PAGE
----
What became evident the more the pair proceeded was that Dresser and Rudd love playing with and trust each other. The two players removed all potential for being perceived as an incongruous instrumental mix simply because of the striking difference in physical performance as well as in tonal textures. Rudd brought out bravura in Dresser that invited the latter to fill the musical space with a plasticity of movement, ranging from walking lines to two-handed plucking to fingering the strings in a manner that simulated the sound of bowed bass.
A definitive conclusiveness emerged from the way he finished the pluck of a string with a specific accent or slap of the wood, all the while strumming hard to inscribe a particular curvature to the musical line. He played glissandi up the scale and pizzicati down. The strings at the very top of the instrument had been raised above the soundboard in a special way to permit the bassist to pluck "bi-tones that added a unique edge to the bass's voice. His gestures in the upper register were impeccable. At the same time his attraction to traditional rhythmic forms manifested itself in the close correspondence of his notes with Rudd's dead- center tonality.
Rudd and his trombone were a force of nature. The ease with which he played his instrument permitted him to go anywhere he wanted to go. The brassiness of his instrument, which he emphasized in the fanfare in the introductory piece and in the brash enunciative phraseology starting off the second set, could not inhibit his full engagement in the melodic aspect of the musical discussion.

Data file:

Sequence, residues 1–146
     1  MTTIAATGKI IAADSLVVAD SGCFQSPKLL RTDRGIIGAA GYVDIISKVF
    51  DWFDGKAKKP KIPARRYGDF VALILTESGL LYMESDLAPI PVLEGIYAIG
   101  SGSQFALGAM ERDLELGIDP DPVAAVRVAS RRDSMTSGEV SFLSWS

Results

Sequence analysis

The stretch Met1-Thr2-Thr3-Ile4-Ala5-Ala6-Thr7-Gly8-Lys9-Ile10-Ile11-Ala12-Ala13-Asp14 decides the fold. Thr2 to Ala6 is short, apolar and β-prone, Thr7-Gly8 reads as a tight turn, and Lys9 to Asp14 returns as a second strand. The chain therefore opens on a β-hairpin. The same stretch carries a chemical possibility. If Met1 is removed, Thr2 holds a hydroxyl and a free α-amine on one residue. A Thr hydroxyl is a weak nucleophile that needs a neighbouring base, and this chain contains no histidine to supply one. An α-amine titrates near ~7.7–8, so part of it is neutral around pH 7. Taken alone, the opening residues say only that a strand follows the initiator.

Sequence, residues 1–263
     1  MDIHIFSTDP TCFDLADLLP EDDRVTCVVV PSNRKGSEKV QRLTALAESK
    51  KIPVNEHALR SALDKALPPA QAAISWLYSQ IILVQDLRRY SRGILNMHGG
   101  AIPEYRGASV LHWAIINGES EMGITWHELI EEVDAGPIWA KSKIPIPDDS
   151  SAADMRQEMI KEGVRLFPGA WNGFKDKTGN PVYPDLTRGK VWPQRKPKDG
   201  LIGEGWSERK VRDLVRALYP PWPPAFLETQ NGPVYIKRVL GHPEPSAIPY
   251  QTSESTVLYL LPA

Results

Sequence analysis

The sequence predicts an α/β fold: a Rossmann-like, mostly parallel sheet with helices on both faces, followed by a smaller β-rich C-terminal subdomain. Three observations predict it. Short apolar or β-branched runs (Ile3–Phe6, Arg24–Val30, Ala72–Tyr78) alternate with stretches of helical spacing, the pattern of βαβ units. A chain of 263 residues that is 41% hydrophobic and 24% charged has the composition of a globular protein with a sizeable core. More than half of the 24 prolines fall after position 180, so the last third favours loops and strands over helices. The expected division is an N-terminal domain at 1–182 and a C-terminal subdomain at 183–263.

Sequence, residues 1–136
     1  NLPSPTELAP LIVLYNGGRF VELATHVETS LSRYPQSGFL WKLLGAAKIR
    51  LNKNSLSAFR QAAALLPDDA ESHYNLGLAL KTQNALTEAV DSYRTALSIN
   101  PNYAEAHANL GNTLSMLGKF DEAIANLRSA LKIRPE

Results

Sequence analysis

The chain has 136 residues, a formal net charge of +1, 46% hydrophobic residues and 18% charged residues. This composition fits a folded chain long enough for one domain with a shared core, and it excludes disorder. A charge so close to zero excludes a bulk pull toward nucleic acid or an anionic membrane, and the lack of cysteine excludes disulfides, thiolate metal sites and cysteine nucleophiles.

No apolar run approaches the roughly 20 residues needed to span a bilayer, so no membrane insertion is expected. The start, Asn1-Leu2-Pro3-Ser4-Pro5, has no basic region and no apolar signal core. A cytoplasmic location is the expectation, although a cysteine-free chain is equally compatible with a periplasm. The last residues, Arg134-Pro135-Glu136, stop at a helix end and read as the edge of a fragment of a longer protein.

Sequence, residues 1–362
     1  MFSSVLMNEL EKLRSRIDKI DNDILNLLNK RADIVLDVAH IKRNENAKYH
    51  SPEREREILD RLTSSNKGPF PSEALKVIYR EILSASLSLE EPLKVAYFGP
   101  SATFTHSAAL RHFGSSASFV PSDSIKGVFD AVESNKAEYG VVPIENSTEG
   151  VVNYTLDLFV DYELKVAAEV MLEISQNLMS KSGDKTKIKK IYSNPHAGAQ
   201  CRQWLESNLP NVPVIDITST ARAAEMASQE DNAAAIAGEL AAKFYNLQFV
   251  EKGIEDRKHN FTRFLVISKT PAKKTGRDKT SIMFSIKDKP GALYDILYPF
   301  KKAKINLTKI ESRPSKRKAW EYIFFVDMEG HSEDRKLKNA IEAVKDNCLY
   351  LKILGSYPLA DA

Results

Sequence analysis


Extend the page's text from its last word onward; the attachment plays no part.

Rudd's sound evinced a tunefulness not normally associated with the trombone. Certainly, he maintained the horn's personality, one moment allowing it to speak in discrete tones, the next ripping the sound out as if to create the Doppler Effect or pressing into the instrument to control its output. Nonetheless, playing with nuanced detail on this instrument is difficult and has a limit. The use of a mute allowed for greater characterization and more flexible expressiveness, though Rudd went to only two of them and no more than a couple of times. Rudd excels in his exquisite sense of timing. Had this sense been dampened, he would have failed to float his lines on top of the bass's resonance. He also would have failed to place his instrument's entries in multiple synchronicities with his partner's. And he would have failed to construct a clear and wide-open solo on a final improv that appeared to exude nothing but melody.
Rudd has described the unpredictability of improvisation as a means to unveil unexpected "gifts." Whatever these gifts are (and the audience and perhaps the musicians can never fully know), they are so valuable towards expanding musical language that all that develops in performance becomes a part of both the improvisational and the compositional literature. And if, in fact, creation advances as a result of taking chances that are successful, the cornucopia of opportunities that Dresser and Rudd have endowed to the world of duets will offer a world of reference.
Visit Roswell Rudd and Mark Dresser at All About Jazz.
Visit Mark Dresser on the web.